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Mastering Definite Integrals: Techniques and Examples

Integration by Parts for Definite Integral with Limits

Have you ever been stuck solving a definite integral with limits? Fear not! Integration by parts may be just what you need to get that solution.

In this article, we’ll explore the rules for solving integration by parts with definite integral limits, how to use limits in the integration by parts formula, and provide some example problems to solidify your understanding.

Rules for Solving Integration by Parts for Definite Integral Limits

Before jumping into the process of solving definite integral limits using integration by parts, it’s essential to know the rules. They are as follows:


Identify which function will be “u” and which will be “dv.” Choose “u” as the function that will become simpler upon differentiation. 2.

Integrate the “v” function to obtain “u.”

3. Differentiate “u” to obtain “du/dx.”


Differentiate “v” to obtain “dv/dx.”

5. Substitute all the values found in steps 2-4 into the integration by parts formula:

(udv) = uv – (vdu)


Apply the limits of integration to the final formula.

Using Limits in Integration by Parts Formula

After applying integration by parts using the steps listed above, the result will be an indefinite integral. To determine the definite integral with limits, we must apply those limits to the formula:

(udv) = uv – (vdu)|a to b

where “a” and “b” are the lower and upper limits of integration, respectively.

Example Problem

Let’s take a look at the following example to better understand the process. Evaluate the definite integrals of x*e^x from 0 to 1.


We start by identifying “u” and “dv”:

u = x, dv = e^x

We integrate the “v” function:

v = e^x

We differentiate “u” to obtain “du/dx:”

du/dx = 1

We differentiate “v” to obtain “dv/dx:”

dv/dx = e^x

We substitute all the values found in steps 2-4 into the integration by parts formula:

(udv) = uv – (vdu)

(xe^x) dx= xe^x – (e^x) dx

Next, we integrate the “e^x” function:

(e^x) dx = e^x

Substituting back into the formula, we obtain:

(xe^x) dx= xe^x – e^x + C

Where “C” is the constant of integration. Finally, we apply the limits of integration:

(xe^x) dx|0 to 1 = (1e^1-e^1)-(0e^0-e^0) = e-1

Therefore, the definite integral of x*e^x from 0 to 1 is e-1.

Rule 1: Apply Limits after Indefinite Integration

Now, let’s explore the application of Rule 1, which states that the limits of integration must be applied after we perform the indefinite integration.

Process for Applying Rule 1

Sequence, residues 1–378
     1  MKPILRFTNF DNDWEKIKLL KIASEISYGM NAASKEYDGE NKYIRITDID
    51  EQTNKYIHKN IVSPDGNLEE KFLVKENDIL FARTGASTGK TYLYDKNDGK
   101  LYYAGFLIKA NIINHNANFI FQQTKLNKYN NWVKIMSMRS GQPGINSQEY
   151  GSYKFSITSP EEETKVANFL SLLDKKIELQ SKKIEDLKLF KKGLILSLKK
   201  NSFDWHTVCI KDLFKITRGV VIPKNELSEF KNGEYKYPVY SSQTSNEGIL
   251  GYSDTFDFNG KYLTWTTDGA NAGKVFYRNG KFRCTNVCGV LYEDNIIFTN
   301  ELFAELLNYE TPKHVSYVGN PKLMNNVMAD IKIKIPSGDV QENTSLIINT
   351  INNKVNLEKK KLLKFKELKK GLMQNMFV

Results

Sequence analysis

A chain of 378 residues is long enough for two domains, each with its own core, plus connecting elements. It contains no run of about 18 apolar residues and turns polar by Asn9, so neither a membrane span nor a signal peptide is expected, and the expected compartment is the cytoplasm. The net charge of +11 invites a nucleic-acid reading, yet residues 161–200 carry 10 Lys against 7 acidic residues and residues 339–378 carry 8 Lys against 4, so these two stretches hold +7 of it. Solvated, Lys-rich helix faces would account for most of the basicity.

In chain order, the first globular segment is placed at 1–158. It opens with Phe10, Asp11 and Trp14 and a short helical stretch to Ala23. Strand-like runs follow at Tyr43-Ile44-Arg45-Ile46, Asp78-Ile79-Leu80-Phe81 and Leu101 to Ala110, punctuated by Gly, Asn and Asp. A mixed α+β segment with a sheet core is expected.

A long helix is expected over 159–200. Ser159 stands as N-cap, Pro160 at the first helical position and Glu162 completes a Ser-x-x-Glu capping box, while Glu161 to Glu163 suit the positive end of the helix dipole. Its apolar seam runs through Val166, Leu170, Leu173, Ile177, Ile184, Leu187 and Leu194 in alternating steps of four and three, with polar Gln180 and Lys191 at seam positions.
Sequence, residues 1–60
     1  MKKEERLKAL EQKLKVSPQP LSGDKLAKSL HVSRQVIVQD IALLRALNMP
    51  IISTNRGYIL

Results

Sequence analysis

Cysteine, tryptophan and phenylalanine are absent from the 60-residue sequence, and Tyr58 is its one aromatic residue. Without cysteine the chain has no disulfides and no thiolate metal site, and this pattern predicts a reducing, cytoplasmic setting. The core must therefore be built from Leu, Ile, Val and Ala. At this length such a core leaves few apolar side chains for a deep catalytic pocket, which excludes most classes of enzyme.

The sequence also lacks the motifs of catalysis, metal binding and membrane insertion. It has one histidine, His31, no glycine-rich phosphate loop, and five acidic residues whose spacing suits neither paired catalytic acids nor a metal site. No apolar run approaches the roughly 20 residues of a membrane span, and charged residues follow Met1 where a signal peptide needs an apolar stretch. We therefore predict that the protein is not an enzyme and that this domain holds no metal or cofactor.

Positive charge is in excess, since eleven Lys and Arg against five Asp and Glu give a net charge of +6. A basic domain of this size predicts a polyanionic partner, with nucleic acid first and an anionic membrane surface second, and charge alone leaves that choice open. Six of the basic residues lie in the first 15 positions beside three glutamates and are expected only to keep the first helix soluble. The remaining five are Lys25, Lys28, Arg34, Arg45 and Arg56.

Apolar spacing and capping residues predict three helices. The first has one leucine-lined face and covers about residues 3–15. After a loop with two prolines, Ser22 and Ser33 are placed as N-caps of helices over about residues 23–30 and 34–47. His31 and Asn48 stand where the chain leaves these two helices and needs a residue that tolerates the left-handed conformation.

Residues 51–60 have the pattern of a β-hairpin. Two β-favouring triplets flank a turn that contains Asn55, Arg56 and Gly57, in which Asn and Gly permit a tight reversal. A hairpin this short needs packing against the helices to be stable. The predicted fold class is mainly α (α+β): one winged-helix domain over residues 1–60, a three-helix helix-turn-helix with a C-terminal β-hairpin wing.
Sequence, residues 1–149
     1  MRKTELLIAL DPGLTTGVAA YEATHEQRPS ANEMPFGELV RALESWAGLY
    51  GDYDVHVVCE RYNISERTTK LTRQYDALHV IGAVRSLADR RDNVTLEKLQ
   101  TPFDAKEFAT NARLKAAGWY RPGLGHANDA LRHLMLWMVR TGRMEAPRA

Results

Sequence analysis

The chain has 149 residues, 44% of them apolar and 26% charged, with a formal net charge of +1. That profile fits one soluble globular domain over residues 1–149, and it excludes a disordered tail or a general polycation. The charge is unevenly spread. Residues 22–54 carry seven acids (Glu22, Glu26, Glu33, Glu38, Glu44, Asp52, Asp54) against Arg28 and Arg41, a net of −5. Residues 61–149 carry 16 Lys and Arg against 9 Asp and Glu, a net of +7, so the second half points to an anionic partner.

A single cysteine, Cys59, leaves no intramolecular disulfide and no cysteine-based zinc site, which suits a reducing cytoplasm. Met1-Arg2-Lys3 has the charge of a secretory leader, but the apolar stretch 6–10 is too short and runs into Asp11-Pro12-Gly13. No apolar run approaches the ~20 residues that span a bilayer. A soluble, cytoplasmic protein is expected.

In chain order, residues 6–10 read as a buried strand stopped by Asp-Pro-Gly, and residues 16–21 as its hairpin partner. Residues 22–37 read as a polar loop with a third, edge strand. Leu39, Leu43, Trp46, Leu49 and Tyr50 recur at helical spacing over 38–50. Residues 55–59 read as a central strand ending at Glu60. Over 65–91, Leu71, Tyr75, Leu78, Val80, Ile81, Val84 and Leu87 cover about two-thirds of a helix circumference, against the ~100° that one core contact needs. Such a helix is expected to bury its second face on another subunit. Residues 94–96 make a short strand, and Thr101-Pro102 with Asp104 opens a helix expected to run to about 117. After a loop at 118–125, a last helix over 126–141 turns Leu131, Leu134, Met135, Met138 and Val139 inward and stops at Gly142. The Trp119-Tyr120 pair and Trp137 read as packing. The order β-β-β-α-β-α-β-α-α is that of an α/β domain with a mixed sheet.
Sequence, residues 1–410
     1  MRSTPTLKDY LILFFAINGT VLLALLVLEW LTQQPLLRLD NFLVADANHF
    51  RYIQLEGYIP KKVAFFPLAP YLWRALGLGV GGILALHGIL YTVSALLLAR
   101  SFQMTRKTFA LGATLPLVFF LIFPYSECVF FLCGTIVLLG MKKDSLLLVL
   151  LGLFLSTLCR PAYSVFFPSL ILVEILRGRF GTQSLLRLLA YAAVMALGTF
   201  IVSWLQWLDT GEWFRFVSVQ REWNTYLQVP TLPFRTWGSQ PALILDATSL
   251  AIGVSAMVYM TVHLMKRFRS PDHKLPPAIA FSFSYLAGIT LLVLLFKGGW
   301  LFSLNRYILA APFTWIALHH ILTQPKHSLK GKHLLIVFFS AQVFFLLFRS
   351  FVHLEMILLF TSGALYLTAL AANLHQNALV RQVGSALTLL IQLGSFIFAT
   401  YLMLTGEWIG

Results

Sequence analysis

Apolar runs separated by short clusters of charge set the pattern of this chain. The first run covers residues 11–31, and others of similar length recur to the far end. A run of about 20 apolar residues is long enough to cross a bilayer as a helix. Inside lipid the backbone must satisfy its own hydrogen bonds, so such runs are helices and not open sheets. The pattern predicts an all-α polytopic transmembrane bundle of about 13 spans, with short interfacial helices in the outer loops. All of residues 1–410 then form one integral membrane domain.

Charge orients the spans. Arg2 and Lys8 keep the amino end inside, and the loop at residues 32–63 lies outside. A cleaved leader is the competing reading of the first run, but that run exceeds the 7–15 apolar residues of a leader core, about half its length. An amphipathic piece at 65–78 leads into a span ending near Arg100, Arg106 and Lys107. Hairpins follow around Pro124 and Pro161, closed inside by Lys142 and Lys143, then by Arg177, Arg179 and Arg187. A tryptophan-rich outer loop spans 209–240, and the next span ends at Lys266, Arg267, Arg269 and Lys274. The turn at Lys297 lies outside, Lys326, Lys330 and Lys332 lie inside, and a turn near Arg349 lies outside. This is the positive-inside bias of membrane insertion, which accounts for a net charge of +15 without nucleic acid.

1. After performing the indefinite integration, rewrite the integral as follows:

[f(x)] dx|a to b = [F(b) – F(a)]

where “f(x)” is the function being integrated, “F(x)” is the antiderivative of “f(x),” “a” is the lower limit, and “b” is the upper limit.

2. Replace “x” with “b” in the antiderivative of “f(x)” to obtain “F(b),” then do the same for “a” to obtain “F(a).”


Subtract “F(a)” from “F(b)” to obtain the solution.

Example Problem

Let’s apply Rule 1 to the following example:

Evaluate the definite integral of 3x^2 from 0 to 2. Solution:

We first perform the indefinite integration of 3x^2:

(3x^2) dx = x^3

The integral then becomes:

(3x^2) dx|0 to 2 = [2^3 – 0^3] = 8

Therefore, the definite integral of 3x^2 from 0 to 2 is 8.

In conclusion, integrating by parts can be a great tool to solve definite integral limits with ease. The process may seem daunting at first, but by following the rules and guidelines provided in this article and practicing with example problems, you’ll become a pro in no time.

Remember to apply the limits of integration after performing indefinite integration to ensure accuracy. Rule 2: Using Limits with Integrals of Functions

In this section, we will be discussing the use of Rule 2 when working with integrals of functions.

Rule 2 is used when we have an integral with limits that could simplify if one of the limits were different. In this article, we will be breaking down the process for applying Rule 2, and also providing example problems to develop a stronger understanding of the topic.

Process for Applying Rule 2

The process of applying Rule 2 is fairly straightforward. However, It’s important to note that this method is only effective when the integrand is continuous in the interval given.

Let’s say we’re given the integral a to b f(x) dx, and we want to change the upper limit from “b” to “c.” We can represent our integral by dividing the interval [a, c] into two parts: [a, b] and [b, c]. Therefore, we can write the integral as: